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Is Marrakesh family friendly? Our family holiday to Riu Tikida Palmeraie

We visited Marrakesh for the first time in the Easter break. We decided on Morocco for a few reasons; we’d never been before, the weather was pretty much guaranteed for that time of year and the flight time was relatively short (4 hours from London Gatwick)

For our first time visiting Marrakech, Morocco we opted to stay at the Riu Tikida Palmeraie – a four star rated all inclusive hotel in El Nakheel, just 13km from Marrakesh airport.

The Riu Tikida Palmeraie

The hotel itself was stunning; really clean and modern with traditional Moroccan elements throughout. Unfortunately there weren’t any family rooms so we had two double rooms with interconnecting doors from the outside. It felt like we were in Encanto and we were the Family Madrigal.

The large lobby area was the centrepoint and was really beautiful yet the outside was just as special. Beautiful green gardens and a large running lake was in contrast to the brick work around it. I enjoyed daily walks around the perimeter to get my steps in, to admire the beautiful floral colours and smells and to work off some of the delicious foods.

By night the lake became awash with toads and they provided the soundtrack of the evening – they were SO loud!

Eating at Riu Tikida Palmeraie

There are two speciality restaurants on site; Nakhil the traditional moroccan restaurant and La Trattoria, the Italian. If neither of those take your fancy then food is served all day from 7.30am through to 10pm, whilst bars are open from 10am to midnight, daily.

What I particularly liked about the dining was that dinner was served in a different place than breakfast and lunch and it was the best decor of an All Inclusive that we have been to.

We enjoyed spending time in the elegant lobby area before and after dinner, where we’d have lots of games of cards whilst listening to the live music coming from Majorelle lobby bar.

Breakfast provided a whole host of choices; cereals, fruits, continental, hot foods and a choice of hot and cold drinks. The food was typically traditional and was mouthwateringly delicious. I ate so much couscou, I was practically 20% skin and 80% grain by the end of the week.

Activities at Riu Tikida Palmeraie

For younger children (up to 12 years) there is Mini Club Riuland which is ideally situated in a well positioned shaded area. Here there is a large air conditioned room, outside park and shallow swimming pool. Sofia and Arlo were the only two children when we went and they had a great morning having their face painted and henna applied to their hands.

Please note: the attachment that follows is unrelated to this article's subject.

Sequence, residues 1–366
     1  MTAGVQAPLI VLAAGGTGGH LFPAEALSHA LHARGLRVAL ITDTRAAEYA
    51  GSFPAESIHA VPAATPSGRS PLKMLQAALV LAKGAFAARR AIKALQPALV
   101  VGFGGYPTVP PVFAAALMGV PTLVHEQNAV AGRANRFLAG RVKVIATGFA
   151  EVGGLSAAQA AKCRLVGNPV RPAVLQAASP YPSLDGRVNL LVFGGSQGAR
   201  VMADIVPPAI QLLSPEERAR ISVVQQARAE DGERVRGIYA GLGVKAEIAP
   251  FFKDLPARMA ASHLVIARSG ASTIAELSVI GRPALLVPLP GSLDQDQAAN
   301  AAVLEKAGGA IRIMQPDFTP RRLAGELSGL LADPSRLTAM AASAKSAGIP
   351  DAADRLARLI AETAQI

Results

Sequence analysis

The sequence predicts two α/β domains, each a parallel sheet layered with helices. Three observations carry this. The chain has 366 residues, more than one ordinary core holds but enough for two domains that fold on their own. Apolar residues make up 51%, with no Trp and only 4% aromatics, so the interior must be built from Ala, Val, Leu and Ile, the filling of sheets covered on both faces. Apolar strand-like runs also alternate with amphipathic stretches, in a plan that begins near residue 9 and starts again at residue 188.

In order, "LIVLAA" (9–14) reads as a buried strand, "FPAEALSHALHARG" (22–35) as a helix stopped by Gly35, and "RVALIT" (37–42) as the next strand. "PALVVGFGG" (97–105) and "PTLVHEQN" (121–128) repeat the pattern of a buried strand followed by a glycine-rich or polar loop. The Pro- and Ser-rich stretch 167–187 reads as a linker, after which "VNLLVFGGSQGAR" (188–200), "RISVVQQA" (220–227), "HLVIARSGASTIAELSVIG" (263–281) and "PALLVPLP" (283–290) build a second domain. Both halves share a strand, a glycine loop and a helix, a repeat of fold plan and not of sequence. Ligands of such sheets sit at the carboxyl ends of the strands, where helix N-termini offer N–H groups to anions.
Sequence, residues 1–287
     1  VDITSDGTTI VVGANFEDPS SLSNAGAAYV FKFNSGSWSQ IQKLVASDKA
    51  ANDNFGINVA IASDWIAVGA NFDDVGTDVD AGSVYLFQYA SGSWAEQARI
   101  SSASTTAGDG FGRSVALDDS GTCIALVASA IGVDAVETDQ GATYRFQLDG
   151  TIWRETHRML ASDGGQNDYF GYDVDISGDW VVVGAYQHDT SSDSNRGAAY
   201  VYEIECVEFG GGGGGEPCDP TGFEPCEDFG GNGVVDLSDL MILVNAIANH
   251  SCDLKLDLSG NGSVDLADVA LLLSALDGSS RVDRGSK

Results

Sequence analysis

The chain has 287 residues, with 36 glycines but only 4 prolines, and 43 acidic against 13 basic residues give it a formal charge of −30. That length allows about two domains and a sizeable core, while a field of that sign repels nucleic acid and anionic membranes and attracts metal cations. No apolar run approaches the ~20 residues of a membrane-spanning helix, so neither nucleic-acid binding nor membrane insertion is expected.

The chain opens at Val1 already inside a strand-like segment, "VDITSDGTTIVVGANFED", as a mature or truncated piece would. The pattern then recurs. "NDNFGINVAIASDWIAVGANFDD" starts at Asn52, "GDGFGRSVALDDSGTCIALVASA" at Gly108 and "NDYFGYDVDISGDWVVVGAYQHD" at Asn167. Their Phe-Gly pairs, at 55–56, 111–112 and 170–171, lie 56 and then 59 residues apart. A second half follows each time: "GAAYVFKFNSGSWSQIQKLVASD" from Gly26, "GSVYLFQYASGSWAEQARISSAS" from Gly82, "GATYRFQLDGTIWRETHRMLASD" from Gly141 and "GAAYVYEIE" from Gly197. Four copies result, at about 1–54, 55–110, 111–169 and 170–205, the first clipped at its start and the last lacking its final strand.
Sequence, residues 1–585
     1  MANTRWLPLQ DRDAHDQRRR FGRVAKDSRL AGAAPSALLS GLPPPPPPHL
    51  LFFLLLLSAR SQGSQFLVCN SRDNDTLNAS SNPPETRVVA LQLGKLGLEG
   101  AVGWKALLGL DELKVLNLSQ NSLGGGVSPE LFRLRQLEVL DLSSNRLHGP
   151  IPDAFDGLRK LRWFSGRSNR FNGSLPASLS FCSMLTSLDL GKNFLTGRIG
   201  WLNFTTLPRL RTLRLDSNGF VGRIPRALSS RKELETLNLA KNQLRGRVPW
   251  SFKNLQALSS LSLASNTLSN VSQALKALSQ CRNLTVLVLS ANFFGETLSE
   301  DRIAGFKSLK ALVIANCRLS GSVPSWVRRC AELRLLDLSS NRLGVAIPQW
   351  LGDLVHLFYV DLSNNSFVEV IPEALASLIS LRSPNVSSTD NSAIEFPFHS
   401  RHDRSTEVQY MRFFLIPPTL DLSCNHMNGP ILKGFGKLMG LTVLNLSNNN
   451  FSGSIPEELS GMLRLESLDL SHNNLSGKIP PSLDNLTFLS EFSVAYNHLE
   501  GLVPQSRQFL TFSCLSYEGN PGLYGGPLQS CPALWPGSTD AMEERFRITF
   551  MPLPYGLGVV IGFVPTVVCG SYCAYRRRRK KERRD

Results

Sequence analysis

For older kids and adults there were many activities throughout the day, run by the animation teams but there’s also a gym, hobby club, darts, tennis court, beach volleyball and petanque. If it gets too hot/cold there’s also a lovely indoor pool situated in the Spa block. Stu and I enjoyed many games of petanque and who would of guessed that I would be the family champion, day in, day out.

The pool area was the main focal point and where we spent a lot of our time; there were sun beds and also cabanas with the bar central to the complex.

Excursions from Riu Tikida Palmeraie

We were all after a fly and flop holiday more than anything, but we were also keen to safely explore the surroundings. We decided to book through the tour operator (TUI) at the hotel. We opted for the Camel Safari where we were picked up by a taxi for a short trip into the outskirts of Marrakech where we arrived for our two hour trek. We got dressed in traditional Moroccan wear and hopped on to plod through the palm groves all in a line (Stu and I had a child each with us!) We trekked up to a traditional little Moroccan outdoor house where we were treated to sweet biscuits and traditional mint tea before the bumpy journey home.

Our second excursion was the one I was really looking forward to (and apprehensive in equal measure) – the Medina and Souks tour. Again, we were picked up from the hotel and introduced to our host who would stay with us all day. Our first stop was the Koutoubia Mosque and the surrounding pathways before we headed to the Bahia Palace where we spent a good while learning about all the history of the palace, as we walked through mosaic tiles and beautiful gardens. After a good explore we headed to Dar Es Salam for a traditional Moroccan lunch of soup followed by couscous, chicken and veg and finished off with some sweet mint tea – poured in spectacular style by the amazing waiters!

With full tummies we headed out along the narrow streets to the spice-scented souks, you do have to be careful walking along the streets as motorbikes and cars weave in and out like formula one drivers! Here we were met with eye-catching bazaars and street merchants, we witnessed workers making the items that adorned the colourful makrets and shop doorways and everywhere we turned there was a different aroma, sight and sound. As we got closer into the city centre, it became more touristy and there were men with monkeys and snake charmers alongside street sellers with various bits of tacky tut.

Evening Entertainment

I have to say the ‘Entertainment’ wasn’t great, the ‘Mini Disco’ was a little lacklustre. The adult entertainment then began around 9.30pm and that was also a little odd. The one show we did stay for was a traditional Moroccan wedding ‘play’ and the kids were totally terrified. The entertainers were quite forceful at dragging guests up on to the stage and so we made a bit of a swift exit!

I’ll admit, I was apprehensive about visiting Marrakesh as I’d heard a few horror stories about ‘seedy men’ and I was particularly concerned about Sofia with her light skin, fair hair and blue eyes. Genuinely, I couldn’t have been more wrong! Every person we interacted with, either hotel staff or locals, were so friendly and accommodating.